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Re: Micrometer responses

To: Michael Sloane <>
Subject: Re: Micrometer responses
From: Bob Bownes <>
Date: Mon, 16 Dec 1996 17:17:39 -0500
There is actually a guage built for measuring just this sort of thing.
looks like a dial guage mounted on a sled. You slide it into the bore
and can 
rotate it about the cylinder axis to determine out-of-round and slide it
to measure the taper. Very cool.


Michael Sloane wrote:
> Absolutely! In fact, if it is cylinder bores you are talking about, bore
> shape is even more important than diameter. Internal combustion engines
> tend to wear more side-to-side than front-to-back, due to lateral forces
> imposed in the normal functioning of the Otto/Diesel cycle. One of the neat
> features of the old Triumphs (and many old tractors, to which Triumph owes
> some of its heritage) is the fact that you can turn the cylinder liners 90
> degrees and get even more life from them. I don't know if anyone bothers to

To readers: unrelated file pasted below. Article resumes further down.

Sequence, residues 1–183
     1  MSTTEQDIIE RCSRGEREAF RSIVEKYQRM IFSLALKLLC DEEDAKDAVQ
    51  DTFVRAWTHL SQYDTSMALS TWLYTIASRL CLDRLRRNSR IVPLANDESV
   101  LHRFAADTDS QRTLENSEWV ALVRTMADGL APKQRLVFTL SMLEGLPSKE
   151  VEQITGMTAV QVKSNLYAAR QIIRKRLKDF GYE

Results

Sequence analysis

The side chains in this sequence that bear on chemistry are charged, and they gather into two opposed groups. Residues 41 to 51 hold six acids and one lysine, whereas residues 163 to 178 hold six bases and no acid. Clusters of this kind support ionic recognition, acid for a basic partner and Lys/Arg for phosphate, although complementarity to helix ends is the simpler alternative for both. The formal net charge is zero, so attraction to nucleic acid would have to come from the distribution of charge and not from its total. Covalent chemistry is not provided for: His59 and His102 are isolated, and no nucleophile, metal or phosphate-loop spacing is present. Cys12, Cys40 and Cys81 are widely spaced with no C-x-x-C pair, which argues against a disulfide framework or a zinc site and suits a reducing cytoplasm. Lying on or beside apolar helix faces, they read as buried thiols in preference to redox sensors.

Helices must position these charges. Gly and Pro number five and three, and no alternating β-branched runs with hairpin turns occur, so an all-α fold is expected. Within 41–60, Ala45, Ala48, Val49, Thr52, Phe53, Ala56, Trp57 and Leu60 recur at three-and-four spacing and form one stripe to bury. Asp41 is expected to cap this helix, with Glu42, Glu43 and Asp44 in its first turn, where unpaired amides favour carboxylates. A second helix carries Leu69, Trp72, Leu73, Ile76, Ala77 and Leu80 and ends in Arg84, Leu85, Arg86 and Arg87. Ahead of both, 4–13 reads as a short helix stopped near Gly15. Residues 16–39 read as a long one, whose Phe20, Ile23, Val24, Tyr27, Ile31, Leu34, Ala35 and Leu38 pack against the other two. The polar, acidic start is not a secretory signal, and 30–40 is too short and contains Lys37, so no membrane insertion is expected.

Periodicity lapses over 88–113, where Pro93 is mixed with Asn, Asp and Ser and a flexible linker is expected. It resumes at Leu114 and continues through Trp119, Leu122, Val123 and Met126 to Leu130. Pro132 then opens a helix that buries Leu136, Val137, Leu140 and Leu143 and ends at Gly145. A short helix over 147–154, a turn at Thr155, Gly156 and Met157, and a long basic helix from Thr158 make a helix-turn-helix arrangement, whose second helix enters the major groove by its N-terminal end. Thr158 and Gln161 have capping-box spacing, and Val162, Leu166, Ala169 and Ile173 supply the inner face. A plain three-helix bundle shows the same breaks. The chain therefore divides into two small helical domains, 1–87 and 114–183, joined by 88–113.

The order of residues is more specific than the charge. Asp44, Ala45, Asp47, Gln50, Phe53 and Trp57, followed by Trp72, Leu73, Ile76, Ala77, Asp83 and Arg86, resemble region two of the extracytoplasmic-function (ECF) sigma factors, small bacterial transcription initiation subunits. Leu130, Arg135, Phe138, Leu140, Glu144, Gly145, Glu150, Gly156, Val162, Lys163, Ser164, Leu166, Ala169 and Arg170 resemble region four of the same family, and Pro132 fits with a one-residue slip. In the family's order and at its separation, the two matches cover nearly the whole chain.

> do that kind of thing anymore, but that is what we used to do with them
> back in the '50s and early '60s. Any other kind of gauge except a "T" gauge
> will not give you as accurate picture of the shape of the cylinder. Also
> remember that you must measure not only the center of the cylinder but the
> top and botton.
> Mike Sloane (
> ----------
> > From: Phil Ethier <>
> > To: Michael Sloane <>
> > Cc: John Loftin <>;
>; Jack I Brooks <jibrooks@JUNO.COM>
> > Subject: Re: Micrometer responses
> > Date: Monday, December 16, 1996 4:08 PM
> >
> > On Monday, 16 Dec 1996, Michael Sloane wrote:
> >
> > > I bought a set of bore gauges (the kind that are spring-loaded
> telescoping
> > > rods with locks for checking cylinder bores) from Harbour Freight for
> about
> > > $25. They seem to work fine for the handful of times/year that I need
> to
> > > check cylinder bores.
> >
> > T-gauges are neat, and a whole lot more accurate than one might think,
> > but they can be fooled.  They only measure at two points, and you can
> > miss an out-of round condition.
> >
> > Phil

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